In 1989 the Velvet Revolution started the fall of Communism in Czechoslovakia. In the 28th of November the Communist party gave up power and ended it the single party government that ruled over Czechoslovakia. In 1993 the country split and the Czech Republic formed, as did Slovakia. With this new freedom and formation of a country made up of a majority of ethnic Czech people the future seemed bright. However, even thought the Czech Republic was free from communist oppression, it still faced important challenges, including forming a capitalist economy after years of dependency on the Soviet Union and trying to fix the numerous environmental problems that were caused by ...view middle of the document...
The more western portions of Czechoslovakia had an economy that was similar to Western Europe with its amounts of industrial output, but they still were not at the same level of industrialization as France or Britain. After the end of WWII most of the eastern European countries were left in shambles because of the fighting within their borders, and Czechoslovakia was no exception. Czechoslovakia suffered both from loss of population and destruction of infrastructure (Economies in Transition, n.p.). During the Second World War Germany broke up Czechoslovakia and gave it to surrounding nations that were allied with Germany. During the time of the war there was underground opposition to the Germans among the Czechoslovakian people. The Slovakian part of the country united with the Germany army and fought with them while the Czechoslovakian Army fought for as long as they could against the superior German forces. When Germany and its allies were defeated the Soviet armies were the ones that liberated the majority of Czechoslovakia. This lead the country to be more supported of falling under Soviet control and also prospered a long lasting dislike for the German people (Weltkrieg, n.p.).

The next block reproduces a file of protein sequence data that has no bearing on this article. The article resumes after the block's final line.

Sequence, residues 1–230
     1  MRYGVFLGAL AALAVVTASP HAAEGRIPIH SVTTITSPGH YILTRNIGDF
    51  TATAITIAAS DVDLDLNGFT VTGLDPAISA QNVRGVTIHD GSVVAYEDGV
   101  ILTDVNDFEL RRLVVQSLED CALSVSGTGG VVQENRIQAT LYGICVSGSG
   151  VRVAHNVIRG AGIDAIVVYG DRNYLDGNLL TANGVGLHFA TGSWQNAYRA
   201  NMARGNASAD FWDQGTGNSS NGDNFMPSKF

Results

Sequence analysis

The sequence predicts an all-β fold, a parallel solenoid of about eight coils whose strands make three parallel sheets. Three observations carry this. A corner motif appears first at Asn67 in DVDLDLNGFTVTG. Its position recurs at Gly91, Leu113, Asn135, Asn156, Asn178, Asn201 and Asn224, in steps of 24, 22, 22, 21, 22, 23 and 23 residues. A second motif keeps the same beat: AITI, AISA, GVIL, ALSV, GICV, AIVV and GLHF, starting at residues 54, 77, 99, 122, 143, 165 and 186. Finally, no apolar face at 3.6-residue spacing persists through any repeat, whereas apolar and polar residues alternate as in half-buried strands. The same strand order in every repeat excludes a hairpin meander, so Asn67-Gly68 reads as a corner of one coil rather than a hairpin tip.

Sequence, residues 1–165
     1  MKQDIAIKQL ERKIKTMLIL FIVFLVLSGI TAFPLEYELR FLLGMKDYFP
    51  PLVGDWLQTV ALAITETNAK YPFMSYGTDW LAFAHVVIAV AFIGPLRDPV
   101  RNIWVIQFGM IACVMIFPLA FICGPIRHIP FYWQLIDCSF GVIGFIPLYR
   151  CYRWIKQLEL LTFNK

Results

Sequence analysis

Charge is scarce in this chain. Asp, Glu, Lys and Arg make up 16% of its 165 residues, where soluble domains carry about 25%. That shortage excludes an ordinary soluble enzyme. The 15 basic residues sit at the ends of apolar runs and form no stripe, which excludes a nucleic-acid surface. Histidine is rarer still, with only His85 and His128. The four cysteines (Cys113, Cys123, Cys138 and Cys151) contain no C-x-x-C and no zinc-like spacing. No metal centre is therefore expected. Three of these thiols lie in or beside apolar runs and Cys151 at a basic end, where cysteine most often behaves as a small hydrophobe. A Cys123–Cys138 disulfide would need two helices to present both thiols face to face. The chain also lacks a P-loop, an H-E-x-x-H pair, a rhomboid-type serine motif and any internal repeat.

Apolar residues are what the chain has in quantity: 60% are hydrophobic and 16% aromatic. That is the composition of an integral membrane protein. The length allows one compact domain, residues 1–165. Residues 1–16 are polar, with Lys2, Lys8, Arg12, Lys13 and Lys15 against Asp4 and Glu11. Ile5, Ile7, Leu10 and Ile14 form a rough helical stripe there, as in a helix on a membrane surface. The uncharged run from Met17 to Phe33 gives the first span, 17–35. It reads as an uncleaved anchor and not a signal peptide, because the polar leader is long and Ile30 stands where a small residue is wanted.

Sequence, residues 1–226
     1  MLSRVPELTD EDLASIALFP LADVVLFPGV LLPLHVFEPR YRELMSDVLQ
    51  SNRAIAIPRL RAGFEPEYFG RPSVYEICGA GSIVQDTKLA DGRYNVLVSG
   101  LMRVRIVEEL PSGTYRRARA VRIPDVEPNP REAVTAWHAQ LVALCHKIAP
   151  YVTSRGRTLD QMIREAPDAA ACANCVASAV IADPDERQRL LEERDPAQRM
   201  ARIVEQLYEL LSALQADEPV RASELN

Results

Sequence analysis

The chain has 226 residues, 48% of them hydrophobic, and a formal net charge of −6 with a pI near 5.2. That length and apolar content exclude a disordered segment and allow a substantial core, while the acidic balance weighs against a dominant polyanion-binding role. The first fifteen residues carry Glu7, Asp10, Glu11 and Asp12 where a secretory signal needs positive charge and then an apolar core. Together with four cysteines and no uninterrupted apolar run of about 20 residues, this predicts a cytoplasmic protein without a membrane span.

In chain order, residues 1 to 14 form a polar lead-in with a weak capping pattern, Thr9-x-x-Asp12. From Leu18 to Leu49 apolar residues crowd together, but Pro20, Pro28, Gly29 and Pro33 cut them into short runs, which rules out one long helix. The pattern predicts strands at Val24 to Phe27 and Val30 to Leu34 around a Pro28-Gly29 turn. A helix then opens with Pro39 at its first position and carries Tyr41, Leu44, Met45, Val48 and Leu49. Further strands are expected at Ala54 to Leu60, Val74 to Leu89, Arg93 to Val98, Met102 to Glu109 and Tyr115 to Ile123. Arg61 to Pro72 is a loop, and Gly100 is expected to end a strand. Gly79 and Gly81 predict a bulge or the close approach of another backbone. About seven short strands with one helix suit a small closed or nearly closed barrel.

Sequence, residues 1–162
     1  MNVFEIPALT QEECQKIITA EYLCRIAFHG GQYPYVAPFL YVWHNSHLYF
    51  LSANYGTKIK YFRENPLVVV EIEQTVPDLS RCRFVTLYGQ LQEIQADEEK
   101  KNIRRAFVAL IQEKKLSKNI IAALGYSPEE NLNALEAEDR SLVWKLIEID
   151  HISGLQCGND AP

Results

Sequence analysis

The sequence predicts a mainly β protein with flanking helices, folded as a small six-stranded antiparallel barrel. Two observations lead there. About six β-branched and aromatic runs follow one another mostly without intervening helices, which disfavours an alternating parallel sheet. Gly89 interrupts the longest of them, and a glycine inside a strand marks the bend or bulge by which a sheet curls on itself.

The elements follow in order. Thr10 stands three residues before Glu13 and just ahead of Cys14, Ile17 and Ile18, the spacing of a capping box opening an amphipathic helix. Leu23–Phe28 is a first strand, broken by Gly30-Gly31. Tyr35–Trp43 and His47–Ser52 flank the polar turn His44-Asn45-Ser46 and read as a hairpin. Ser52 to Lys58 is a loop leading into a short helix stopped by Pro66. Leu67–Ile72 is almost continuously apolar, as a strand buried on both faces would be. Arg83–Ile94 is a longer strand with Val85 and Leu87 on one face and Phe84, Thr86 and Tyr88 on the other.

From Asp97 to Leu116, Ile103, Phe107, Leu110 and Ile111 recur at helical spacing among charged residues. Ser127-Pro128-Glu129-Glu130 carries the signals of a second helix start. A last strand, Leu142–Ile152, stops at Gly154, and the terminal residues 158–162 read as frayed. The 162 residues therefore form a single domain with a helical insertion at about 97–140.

Prior to communism Czechoslovakia had a very strong and balanced economy, which was one of the best in the regions. With the take over of communism the government placed emphasis on heavy industrialization and neglected agriculture and the manufacturing of consumer goods. Czechoslovakia had a skilled and efficient labor force but under communism the incentives for work were not high enough which caused low productivity and poor quality of the goods that were produced. Combined with the inefficiencies that went along with central planning the economy was in major trouble. With Alexander Dubcek’s rise to power Czechoslovakia had high hopes for economic reforms that could help them turn their economy around. Despite his reforms the economy continued to struggle and the struggle continued until 1989 where communism ended and Czechoslovakia had the chance to adapt a capitalist economy (Czech Republic, n.p.).
The Czech Republic’s formation of a capitalist economy:
After the end of communism Czechoslovakia had the ability to start its own government and go back to the successful economy that it had before World War II. When communism ended Czechoslovakia no longer had a market for the goods that they were producing. Most of their exports went to the Soviet Union and other countries in its sphere of influence. Western Europe did not want the lower quality goods that were being produced in Czechoslovakia, which lead to a massive decrease in demand for the goods that were being produced. In 1992, when the Czech Republic formed it began to privative its industries (Jenerálová, n.p.). Even before the communist reforms to economy, Czechoslovakia had centralized a majority of its industries because of this privatization was a major challenge (Flanagan, n.p.).
The Czech Republic...